Starring Shane Jacobson. Rated 14A. Opens Friday, April 4, at the Ridge Theatre
Ever wonder who takes care of the crap in everyday life? No, not in any metaphorical sense, but actual fecal matter. Kenny Smyth knows. He’s an Australian port-a-potty engineer who carries outhouses wherever he goes—cleaning them, keeping them flowing, and trying to keep drunken yahoos from setting them on fire.
The above is all in a long day’s night for Kenny, a bearded, bearlike Melbourne man with a lisp and a heart of liquid gold. This we discover while following him around from rally to rave to racetrack, alongside visits with the son he occasionally sees and the father who is less than thrilled to see either of them (he calls Kenny a “glorified turd burglar”).
Don’t feel bad if you haven’t figured out by now that this is a mockumentary from the Christopher Guest school, Down Under Division (hence the sometimes necessary subtitles). Kenny is played by Shane Jacobson, and extra verisimilitude is added by the fact that his father and son are played by the real things (Ronald and Jesse Jacobson, respectively). In fact, this olfactory family affair was directed and cowritten by music-vid veteran and Shane’s brother, Clayton Jacobson, who also plays Kenny’s uptight older brother.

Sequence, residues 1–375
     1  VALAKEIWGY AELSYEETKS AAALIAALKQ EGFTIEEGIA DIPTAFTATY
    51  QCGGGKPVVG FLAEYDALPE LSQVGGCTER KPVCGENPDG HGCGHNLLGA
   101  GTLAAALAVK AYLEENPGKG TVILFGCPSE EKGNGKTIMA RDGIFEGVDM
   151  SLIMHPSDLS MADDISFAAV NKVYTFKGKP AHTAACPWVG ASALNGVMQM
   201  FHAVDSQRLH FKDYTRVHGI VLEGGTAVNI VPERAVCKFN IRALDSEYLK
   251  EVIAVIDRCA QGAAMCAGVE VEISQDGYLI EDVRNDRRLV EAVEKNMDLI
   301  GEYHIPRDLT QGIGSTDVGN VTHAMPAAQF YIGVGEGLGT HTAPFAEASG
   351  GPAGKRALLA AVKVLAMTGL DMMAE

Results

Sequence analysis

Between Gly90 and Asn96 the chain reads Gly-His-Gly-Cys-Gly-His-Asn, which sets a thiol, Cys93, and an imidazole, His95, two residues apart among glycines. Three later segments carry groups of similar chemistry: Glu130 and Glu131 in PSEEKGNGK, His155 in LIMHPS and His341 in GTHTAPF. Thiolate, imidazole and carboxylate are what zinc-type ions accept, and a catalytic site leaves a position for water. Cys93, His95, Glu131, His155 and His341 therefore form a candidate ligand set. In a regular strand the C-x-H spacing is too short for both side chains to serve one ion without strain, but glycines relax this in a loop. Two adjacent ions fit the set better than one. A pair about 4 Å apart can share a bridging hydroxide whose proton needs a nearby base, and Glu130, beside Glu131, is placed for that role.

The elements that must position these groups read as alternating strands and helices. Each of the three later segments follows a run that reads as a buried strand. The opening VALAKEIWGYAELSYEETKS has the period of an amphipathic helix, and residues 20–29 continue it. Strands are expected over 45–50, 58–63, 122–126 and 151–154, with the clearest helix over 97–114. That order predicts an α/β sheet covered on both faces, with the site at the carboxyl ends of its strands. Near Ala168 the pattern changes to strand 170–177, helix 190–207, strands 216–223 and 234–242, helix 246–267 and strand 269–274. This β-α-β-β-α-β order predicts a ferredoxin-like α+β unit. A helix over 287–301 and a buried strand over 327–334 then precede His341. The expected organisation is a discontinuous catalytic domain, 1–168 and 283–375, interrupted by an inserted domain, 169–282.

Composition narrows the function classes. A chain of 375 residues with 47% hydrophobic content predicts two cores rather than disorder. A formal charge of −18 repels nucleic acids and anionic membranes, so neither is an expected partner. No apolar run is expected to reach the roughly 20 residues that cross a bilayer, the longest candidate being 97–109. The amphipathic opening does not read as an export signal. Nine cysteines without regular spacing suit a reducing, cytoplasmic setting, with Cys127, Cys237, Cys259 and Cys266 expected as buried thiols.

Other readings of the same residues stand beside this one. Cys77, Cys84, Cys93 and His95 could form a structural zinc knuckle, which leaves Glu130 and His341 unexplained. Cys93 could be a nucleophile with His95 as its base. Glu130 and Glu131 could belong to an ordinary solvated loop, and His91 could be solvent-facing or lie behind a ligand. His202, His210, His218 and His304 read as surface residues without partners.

Much of the film is played for laughs, and giggles come easily when toilet humour is this available and, uniquely, appropriate. But it’s mixed with memorable Aussie aphorisms (“There’s a smell in here that will outlast religion”). There’s also an easygoing emotional side that deepens as Kenny moves along. This is especially evident after the scene shifts to the Pumper and Cleaner Expo in Nashville, Tennessee, and our divorced mop-up man makes a tentative connection with a good-natured flight attendant (Eve von Bibra). I can confidently say that no matter what happens at the box office, this will be the number-two movie of the year.